Best Fitbit 2017: Which Fitbit should you buy?

With so many Fitbit devices to choose from, here is our guide to choosing the best Fitbit for your wrist.

Fitbit has become synonymous with fitness tracking wearables. So much so, that for many it’s become a catch-all term for activity trackers that count your steps, keep tabs on your sleep and monitor your heart rate – even when incorrectly referring to devices made by Fitbit’s many competitors.

Fitbit’s rise to fitness tracking ascendancy is for good reason, though. It was one of the first companies out of the blocks when it came to health and fitness wearables, and its devices have evolved over the years adding new features and improving designs. The company already has a wide range of fitness trackers available, catering for fitness newbies to more seasoned enthusiasts. Models include the Flex, Alta, Charge, Blaze, Surge and now Ionic.

Related: Best running watches

Fitbit Ionic

With so many models on offer, which Fitbit you should buy? We’ve evaluated the current Fitbit range, highlighting the key features as well as who will get the most out of each tracker. When considering a Fitbit, be sure to keep in mind your future requirements as these might change as you become fitter and more exercise-oriented.

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Key features:

  •     Interchangeable bands
  •     Smartphone notifications
  •     Heart rate monitor
  •     Sleep Stages and Sleep Insights
  •     Price: £129.99

Perfect for: Fashion-conscious exercisers who want smartphone notifications

Like the Flex 2, the Alta HR largely covers the basics in terms of activity tracking. The Alta HR is an updated version of the Alta, which adds a heart rate monitor without sacrificing its slim form.

It’s evident in the discreet design, interchangeable strap with leather options, and stainless steel body. Unlike the Flex 2, it comes with an OLED display, so you can view your vital statistics and data direct from your wrist, alongside some basic smartphone notifications.

The big addition with the Alta HR is new Sleep Stages and Sleep Insights. These use the heart rate monitor and accelerometer data to better track your sleep, including telling you how much time you spend in each sleep phase.

Since the Sleep Stages and Sleep Insights functions are coming to the similarly priced Charge 2, the Alta HR’s main draw is its sleek and attractive design. If you want more detailed insight into your exercise, however, the Charge 2 is the better choice of the two models.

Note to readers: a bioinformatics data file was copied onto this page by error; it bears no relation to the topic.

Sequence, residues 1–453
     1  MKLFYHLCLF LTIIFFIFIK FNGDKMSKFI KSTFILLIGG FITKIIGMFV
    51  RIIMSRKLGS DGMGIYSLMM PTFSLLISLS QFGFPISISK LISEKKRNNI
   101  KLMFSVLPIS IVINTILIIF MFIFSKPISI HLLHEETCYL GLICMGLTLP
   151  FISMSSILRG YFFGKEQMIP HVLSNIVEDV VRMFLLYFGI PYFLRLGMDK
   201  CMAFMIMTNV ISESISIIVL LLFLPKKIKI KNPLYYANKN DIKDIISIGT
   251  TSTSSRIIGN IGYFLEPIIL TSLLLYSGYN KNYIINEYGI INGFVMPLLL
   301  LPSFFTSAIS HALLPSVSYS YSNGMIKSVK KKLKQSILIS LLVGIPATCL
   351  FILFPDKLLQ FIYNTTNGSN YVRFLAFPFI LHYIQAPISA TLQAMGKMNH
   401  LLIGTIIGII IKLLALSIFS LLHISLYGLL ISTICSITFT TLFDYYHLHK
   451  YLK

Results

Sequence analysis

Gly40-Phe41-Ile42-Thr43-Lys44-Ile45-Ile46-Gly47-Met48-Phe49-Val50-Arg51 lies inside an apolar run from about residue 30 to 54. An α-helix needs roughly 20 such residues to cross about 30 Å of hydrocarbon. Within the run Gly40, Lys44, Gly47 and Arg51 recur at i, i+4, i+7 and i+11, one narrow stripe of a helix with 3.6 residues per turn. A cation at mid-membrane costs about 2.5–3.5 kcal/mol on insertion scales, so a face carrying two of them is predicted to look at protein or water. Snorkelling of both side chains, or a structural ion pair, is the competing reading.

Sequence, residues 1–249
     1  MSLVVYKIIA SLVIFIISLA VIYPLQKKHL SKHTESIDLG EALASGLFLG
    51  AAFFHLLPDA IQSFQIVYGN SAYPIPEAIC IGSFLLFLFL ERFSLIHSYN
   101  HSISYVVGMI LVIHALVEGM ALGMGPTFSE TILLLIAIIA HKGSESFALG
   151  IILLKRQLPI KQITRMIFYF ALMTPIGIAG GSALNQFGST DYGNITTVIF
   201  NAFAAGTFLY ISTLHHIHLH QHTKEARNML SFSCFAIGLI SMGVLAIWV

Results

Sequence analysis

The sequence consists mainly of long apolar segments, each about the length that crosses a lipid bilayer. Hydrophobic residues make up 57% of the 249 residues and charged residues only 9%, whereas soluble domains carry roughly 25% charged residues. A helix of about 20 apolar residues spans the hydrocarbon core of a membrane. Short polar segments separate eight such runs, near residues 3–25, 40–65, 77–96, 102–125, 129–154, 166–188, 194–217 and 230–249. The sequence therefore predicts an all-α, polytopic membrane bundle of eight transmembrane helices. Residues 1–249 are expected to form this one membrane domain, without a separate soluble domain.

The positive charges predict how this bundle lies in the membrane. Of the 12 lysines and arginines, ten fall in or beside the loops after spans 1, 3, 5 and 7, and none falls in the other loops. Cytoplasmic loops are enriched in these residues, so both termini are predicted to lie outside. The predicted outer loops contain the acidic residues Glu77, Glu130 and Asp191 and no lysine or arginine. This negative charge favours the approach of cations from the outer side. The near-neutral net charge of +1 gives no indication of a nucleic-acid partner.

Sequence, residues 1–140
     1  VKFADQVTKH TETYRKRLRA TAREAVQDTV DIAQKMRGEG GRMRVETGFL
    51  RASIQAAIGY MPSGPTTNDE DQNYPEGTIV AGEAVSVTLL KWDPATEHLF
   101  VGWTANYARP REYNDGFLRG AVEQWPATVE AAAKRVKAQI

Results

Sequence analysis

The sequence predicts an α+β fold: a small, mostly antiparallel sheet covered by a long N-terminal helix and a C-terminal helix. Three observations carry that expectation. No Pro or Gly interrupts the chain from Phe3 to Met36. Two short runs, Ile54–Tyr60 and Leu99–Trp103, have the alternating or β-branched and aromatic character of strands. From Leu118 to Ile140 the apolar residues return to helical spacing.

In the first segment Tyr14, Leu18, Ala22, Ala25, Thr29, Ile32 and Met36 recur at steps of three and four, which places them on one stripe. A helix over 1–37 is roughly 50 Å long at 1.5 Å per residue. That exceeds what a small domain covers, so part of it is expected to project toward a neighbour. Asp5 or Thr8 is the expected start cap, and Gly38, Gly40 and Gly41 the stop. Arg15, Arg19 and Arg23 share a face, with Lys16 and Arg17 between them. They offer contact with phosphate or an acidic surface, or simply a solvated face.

Read the full Fitbit Alta HR review

Fitbit Flex 2

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Key features:

  •     Interchangeable bands
  •     Optional pendant accessory
  •     Water-resistant to 50m
  •     Lap counting
  •     Price: £79.99

Perfect for: Fashion-conscious exercisers with basic fitness needs

The Fitbit Flex 2 improves over the original Fitbit Flex with a far slicker design. The tracker itself is smaller and you can customise it with interchangeable bands and accessories. You can even wear the Fitbit Flex 2 as a pendant through an optional necklace accessory.

The big addition is water resistance to 50m, which is a first for Fitbit. You can wear the Fitbit Flex 2 while swimming and built-in lap counting is included. It also has automatic exercise recognition, too. You can expect up to five days of battery life, which is great.



Read the full Fitbit Flex 2 review

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Key features:

  •     Interchangeable bands
  •     Larger display
  •     Guided breathing
  •     Cardio Fitness score
  •     Price: £129.99

Perfect for: Intermediate fitness enthusiasts looking to make improvements

The Fitbit Charge 2 is the update to Fitbit’s best-selling tracker, the Fitbit Charge. Unlike the original Charge, which was available as Charge HR and standard Charge models, there’s just one Charge 2. This is because the heart rate monitor now comes as standard, helping to simplify things.

Otherwise, there have been a raft of improvements over the original Charge model, including a much larger display. This allows for greater at-a-glance information as well as basic notifications from your connected smartphone. The bands are also now interchangeable, meaning you can dress the Charge 2 up or down, depending on the occasion. Bands range from elastomer to fancier leather options.